Once you have a few games under your belt and you have a good understanding of how the game and its mechanisms work, you may be inspired to create some unique content of your own. The game’s engine has been designed from the ground up to be robust and versatile, so creating custom content for it is an uncomplicated process.
There are 2 different types of unique content you can create for Children of the Fall: character playbooks and missions.
Creating a unique mission is the more straightforward of the 2: once you have a concept for the types of stories that you want your mission framework to inspire, come up with 4-8 unique questions and write them up on a blank mission sheet. That’s really all there is to it. The types of questions that you ask is the most important factor. Avoid asking simple yes or no questions. Ask the what, why and how questions. The questions you come up with shouldn’t be too prescriptive – give your players (and anyone else who may play the mission) some room to explore and interpret the questions as they choose. Keeping the questions loose also helps to eliminate the potential that certain answers may make later questions invalid.
Creating character playbooks follows a similar process. First, come up with a core concept for the type of character that you want to play – and come up with a name for that character type. A simple one or two word descriptor should work fine.
Once you’ve named your character playbook, spend some time working on a list of 4-8 questions that will flesh out that character’s backstory, how they feel about their role in the tribe and how they feel about the fall in general. As with the Mission questions, aim to keep these vague enough to allow as much creativity and freedom as possible. Once you’ve come up with a list of your character’s unique questions and written them up on a blank character playbook, the last thing to do is to come up with 3 unique downfalls for that character. Think about the types of things that this character feels strongly about. What drives them? What is important to them? What do they hold dear? And then take those concepts and create downfalls that play into them. These should be progressively more serious (the third and final Downfall is often “Death/Suffer the Fall”). A few of these should also be open to interpretation – so the players can take their downfall and incorporate it into their narrative in unique and interesting ways.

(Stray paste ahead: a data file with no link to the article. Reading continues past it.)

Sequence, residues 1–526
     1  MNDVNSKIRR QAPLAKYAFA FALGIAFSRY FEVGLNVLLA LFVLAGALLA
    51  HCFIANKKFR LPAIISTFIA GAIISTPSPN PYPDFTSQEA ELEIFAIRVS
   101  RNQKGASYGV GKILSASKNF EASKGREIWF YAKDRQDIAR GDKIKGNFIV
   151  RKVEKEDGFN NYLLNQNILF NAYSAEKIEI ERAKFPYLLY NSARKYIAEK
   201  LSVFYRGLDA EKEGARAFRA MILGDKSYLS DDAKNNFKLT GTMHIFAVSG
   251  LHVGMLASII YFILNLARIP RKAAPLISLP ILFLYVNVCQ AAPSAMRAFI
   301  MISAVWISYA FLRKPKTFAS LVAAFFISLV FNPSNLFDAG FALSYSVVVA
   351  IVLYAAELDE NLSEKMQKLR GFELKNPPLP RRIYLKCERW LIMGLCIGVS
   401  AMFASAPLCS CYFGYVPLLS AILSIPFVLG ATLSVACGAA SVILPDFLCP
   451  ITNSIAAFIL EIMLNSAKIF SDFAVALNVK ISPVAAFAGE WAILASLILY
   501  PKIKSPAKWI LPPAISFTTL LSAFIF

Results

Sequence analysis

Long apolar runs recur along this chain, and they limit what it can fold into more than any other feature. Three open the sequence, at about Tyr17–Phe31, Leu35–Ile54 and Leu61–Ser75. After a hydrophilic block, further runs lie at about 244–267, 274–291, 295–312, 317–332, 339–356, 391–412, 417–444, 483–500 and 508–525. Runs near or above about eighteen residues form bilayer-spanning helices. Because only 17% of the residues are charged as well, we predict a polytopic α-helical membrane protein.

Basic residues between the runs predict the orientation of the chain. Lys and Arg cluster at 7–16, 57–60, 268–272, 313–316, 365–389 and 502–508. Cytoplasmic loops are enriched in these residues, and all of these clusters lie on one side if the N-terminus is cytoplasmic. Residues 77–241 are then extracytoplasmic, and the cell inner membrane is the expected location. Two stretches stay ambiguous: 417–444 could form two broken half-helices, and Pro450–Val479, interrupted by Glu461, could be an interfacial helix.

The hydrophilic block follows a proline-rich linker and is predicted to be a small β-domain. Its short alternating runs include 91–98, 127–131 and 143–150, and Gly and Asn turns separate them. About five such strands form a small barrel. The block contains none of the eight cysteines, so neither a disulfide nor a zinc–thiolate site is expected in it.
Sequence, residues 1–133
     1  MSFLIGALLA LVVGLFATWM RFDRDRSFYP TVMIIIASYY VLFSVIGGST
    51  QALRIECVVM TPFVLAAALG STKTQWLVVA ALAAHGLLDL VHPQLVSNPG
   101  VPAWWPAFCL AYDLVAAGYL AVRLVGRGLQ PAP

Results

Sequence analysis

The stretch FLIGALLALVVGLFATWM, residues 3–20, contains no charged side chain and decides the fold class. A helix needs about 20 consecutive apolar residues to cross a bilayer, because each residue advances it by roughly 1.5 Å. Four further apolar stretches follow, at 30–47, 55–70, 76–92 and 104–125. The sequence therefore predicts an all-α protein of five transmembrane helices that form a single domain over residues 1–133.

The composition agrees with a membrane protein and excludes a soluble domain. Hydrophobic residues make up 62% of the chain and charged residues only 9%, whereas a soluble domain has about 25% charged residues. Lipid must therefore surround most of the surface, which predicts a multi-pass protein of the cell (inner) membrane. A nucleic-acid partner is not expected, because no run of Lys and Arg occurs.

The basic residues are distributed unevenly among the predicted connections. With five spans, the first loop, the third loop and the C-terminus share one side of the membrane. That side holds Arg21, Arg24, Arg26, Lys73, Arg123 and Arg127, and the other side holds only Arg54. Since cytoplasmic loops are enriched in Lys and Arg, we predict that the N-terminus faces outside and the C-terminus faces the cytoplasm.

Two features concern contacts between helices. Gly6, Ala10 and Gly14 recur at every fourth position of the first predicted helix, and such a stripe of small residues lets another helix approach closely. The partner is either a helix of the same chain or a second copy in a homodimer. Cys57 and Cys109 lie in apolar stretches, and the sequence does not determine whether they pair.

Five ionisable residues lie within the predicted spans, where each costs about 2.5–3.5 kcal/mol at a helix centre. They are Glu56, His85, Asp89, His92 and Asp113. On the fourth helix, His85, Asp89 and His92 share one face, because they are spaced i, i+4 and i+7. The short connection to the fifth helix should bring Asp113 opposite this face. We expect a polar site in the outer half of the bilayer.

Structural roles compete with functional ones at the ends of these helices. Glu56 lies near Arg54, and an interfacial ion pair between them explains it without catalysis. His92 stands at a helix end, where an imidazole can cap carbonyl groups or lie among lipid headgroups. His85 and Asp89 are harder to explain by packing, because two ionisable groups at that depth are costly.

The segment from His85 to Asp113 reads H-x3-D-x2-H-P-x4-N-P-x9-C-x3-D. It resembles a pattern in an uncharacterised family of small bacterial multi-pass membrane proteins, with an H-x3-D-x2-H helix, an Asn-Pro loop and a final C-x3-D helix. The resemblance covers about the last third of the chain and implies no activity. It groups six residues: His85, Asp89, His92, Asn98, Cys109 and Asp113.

Once you’ve filled in your Downfalls then your character is complete and ready to play.
Take your missions and characters out for a spin, and feel free to tweak and modify them once you have played them and identified ways they could be potentially improved.
Share any Children of the Fall content you are particularly proud of online using the #cotfrpg hashtag. We love seeing what you come up with.